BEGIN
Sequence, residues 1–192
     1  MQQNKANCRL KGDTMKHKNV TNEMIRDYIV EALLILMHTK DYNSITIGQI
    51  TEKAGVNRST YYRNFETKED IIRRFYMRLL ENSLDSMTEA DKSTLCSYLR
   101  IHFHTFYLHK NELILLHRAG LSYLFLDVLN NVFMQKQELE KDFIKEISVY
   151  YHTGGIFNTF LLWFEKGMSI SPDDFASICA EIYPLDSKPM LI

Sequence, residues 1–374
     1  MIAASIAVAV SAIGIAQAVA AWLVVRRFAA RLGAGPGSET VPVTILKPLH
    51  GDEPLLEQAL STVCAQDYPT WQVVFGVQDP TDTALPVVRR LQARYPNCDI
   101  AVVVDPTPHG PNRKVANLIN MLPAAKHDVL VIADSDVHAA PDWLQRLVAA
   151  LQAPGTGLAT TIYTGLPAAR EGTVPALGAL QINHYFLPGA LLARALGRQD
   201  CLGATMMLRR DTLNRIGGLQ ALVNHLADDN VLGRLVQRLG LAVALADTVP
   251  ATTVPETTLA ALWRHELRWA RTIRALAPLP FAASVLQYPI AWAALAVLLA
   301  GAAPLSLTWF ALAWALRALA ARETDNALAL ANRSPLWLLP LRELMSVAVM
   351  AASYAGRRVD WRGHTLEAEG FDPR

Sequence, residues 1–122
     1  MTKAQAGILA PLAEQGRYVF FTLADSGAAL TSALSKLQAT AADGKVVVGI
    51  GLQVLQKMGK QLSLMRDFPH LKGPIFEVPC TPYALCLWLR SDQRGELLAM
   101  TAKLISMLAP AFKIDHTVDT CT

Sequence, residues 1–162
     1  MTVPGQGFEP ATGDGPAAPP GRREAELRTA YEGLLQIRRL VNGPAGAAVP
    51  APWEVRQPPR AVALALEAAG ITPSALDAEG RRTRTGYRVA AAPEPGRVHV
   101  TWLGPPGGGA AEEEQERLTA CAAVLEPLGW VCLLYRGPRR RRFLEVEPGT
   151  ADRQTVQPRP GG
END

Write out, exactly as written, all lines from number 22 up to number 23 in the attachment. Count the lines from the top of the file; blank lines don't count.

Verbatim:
   101  TWLGPPGGGA AEEEQERLTA CAAVLEPLGW VCLLYRGPRR RRFLEVEPGT
   151  ADRQTVQPRP GG